Perhaps we don’t see the miracles happening in our lives and all around us because, just like the people who missed Jesus when he was born and lived as a man among us, we are driven by pride and personal ambition instead of faith and trust. Instead of saying like Mary, “Here I am Lord…” we demand from God or negotiate with him, saying, “If you want me to believe in you or serve you, do this for me or give me that…”
In addition to trust and faith, what else can we learn from Mary’s story? Her humility in accepting her role as a servant of the Lord is a powerful lesson in recognizing our place in God’s plan. It is not about seeking glory for ourselves but about understanding that we are vessels through which God’s work can be accomplished. This humility allows us to serve with the right heart, acknowledging that any success or miracle that comes through our service is not our doing but God’s. This is the kind of mindset that makes us grateful, content, and joyful no matter what is happening or what we are going through. And this is a key ingredient for miracles.
Moreover, Mary’s story is a testament to the power of obedience. Her willingness to embrace God’s plan is a model for us. In embracing God’s plan, Mary opened herself to the miraculous. This is perhaps one of the most striking aspects of her story. It reminds us that miracles often happen when we align ourselves with God’s will. They don’t happen because we have more faith than others but because whatever faith we may have is completely aligned with God’s will. Our challenge is not a lack of faith but alignment. For this reason, our openness and willingness to say “yes” to God pave the way for miracles in our lives in forms we might not anticipate.
The impact of Mary’s trust, faith, obedience, and alignment with God’s plans changed everything; it literally brought light into the world, changing the course of history. In the same way, our willingness to trust and serve God can have far-reaching effects not only in our lives but also in the lives of those around us, including our family, friends, and co-workers. The opposite is also true; ignoring, rejecting, and not taking our faith seriously and God’s calling and plan for our lives also have consequences: broken relationships, lost opportunities and blessings in life, and living without purpose and happiness. They are not curses from God but situations where we didn’t let God in.
I don’t want to be a stumbling stone or curse to anyone; I want to be a blessing. I want to be the kind of person Mary was, through whom God made miracles happen for the sake of others. I believe that miracles come when we have that kind of faith and mindset when we see ourselves as vessels of goodness, just as Mary did.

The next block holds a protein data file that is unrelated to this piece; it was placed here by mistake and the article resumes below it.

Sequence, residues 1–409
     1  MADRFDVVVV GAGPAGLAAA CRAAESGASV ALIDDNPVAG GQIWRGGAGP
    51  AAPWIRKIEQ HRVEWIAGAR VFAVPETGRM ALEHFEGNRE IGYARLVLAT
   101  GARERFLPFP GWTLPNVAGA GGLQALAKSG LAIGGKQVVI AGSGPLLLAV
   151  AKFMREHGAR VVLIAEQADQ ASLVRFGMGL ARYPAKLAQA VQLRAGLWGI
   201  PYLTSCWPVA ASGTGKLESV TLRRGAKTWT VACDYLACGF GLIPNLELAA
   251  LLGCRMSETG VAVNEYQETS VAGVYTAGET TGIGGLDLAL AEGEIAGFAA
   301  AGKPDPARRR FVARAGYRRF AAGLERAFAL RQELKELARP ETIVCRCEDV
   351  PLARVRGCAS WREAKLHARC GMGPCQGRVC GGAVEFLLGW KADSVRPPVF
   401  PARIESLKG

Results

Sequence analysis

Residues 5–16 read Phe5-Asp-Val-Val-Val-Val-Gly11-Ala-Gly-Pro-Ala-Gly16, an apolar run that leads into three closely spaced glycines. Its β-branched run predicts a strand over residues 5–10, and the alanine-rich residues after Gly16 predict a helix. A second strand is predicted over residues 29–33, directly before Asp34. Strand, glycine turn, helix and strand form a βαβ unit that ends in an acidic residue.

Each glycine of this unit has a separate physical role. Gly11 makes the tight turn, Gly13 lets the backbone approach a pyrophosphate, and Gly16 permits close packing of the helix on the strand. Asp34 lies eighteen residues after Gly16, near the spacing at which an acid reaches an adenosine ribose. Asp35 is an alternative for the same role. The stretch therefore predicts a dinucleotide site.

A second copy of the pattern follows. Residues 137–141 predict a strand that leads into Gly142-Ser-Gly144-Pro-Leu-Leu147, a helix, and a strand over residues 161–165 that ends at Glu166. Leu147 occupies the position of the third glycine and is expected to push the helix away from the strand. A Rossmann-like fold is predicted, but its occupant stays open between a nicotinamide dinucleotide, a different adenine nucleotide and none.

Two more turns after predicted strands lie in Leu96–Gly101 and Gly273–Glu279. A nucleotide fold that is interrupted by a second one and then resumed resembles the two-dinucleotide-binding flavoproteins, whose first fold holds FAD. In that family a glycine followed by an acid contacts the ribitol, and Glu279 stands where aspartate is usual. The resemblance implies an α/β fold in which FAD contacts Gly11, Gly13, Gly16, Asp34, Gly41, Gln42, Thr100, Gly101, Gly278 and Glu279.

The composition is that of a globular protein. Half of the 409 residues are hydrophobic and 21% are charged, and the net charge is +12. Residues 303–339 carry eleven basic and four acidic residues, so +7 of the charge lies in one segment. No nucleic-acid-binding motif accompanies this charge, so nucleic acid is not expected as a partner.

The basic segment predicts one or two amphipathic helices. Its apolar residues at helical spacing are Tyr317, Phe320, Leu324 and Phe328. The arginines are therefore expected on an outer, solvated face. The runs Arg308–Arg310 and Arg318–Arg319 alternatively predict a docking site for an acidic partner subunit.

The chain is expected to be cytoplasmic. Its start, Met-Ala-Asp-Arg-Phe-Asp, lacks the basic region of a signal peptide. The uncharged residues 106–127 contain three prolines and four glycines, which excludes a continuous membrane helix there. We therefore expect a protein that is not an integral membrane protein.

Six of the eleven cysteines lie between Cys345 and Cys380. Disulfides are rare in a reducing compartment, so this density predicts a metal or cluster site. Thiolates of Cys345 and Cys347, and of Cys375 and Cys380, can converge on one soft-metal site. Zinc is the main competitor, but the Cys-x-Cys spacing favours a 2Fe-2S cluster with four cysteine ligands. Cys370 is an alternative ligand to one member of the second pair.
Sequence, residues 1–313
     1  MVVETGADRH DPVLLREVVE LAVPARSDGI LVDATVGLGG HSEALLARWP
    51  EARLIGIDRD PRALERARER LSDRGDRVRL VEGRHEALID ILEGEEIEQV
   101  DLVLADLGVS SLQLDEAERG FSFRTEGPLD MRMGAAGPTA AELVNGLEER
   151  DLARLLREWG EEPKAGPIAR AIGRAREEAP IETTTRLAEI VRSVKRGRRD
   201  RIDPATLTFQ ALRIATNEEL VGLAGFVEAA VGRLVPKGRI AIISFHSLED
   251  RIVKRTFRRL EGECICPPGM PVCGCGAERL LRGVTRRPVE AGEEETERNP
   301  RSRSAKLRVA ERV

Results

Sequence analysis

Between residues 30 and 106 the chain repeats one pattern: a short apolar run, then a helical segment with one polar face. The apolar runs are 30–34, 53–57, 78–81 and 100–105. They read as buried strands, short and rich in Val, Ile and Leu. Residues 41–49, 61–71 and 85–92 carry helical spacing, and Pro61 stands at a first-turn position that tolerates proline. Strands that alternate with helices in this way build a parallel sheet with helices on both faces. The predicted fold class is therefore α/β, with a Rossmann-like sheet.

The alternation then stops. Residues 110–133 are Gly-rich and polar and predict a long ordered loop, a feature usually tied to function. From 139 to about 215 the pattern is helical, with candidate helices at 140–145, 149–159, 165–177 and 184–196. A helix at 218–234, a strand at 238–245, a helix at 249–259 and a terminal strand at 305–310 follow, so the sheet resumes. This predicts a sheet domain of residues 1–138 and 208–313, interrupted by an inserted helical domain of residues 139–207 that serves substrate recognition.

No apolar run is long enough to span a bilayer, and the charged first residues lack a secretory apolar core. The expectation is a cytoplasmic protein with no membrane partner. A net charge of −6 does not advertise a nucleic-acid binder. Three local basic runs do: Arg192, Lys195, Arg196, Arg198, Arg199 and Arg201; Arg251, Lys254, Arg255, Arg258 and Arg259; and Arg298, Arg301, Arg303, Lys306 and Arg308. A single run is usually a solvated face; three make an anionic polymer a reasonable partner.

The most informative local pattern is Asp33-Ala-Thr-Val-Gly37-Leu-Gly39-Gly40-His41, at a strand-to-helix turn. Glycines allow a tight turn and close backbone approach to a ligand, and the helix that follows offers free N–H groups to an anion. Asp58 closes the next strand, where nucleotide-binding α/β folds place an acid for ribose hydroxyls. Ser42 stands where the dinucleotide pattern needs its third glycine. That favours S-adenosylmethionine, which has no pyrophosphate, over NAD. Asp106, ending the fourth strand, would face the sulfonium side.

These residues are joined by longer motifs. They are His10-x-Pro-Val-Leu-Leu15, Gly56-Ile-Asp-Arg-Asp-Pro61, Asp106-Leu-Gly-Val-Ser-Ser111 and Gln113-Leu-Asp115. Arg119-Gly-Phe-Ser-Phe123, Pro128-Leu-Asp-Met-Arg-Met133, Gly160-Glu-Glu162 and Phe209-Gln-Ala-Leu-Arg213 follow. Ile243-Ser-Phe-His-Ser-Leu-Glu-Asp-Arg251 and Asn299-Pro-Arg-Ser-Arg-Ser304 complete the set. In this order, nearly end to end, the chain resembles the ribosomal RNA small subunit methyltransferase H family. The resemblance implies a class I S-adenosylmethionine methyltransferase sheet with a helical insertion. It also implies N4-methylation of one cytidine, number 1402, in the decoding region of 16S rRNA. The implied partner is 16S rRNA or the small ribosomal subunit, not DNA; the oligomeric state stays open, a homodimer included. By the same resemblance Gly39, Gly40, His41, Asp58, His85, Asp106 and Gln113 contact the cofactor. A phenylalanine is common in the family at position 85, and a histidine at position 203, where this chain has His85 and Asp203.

This is where the good life is actually found, not in stuff, money, or fame, but in being a vessel of the goodness of God and for the world. This is one of the sources of great joy, saying “yes” to God and committing ourselves to God’s plan.
In my personal experience, I have discovered a profound joy in being a part of God’s plan, in knowing my life is valuable, has a purpose, blesses people, and helps make things better. When we answer God’s calling for us, saying as Mary did, “Here am I, the servant of the Lord; let it be with me according to your word,” we will experience the miracle of Jesus in our lives. He will be with us and change everything. He will give us a new life, a new sense of purpose, a new mindset and perspective about the world and the things that really matter in life. We will see and treat others differently, in a good way, because we will no longer see them as enemies but as children of God. We will not be driven by greed or ambition but by gratitude and creativity. Hatred and bickering will be cast out and replaced with kindness and compassion. Aren’t these things miracles? Yet many people don’t even realize how their lives are living, walking miracles because that is not the “good stuff.” If Jesus has transformed your life, you already have your miracle, and much more is still coming.
In essence, Mary’s response to the Annunciation is not just a biblical account to admire but a powerful guide for our own lives. It challenges us to trust, obey, and serve with humility and faith and to be open to God’s miraculous ways to work in and through us. Just as Mary was a part of the greatest miracle of all time, our willingness to be a part of God’s plan may align us with his miraculous workings, transforming our lives and those around us in ways we never imagined.
My friends, the good news and invitation is that a miracle is coming and is already here. If we want the miracle to arrive in our lives, to be a part of it, and to experience life abundance the way God intended it for us, we must make sure we say “yes” to God.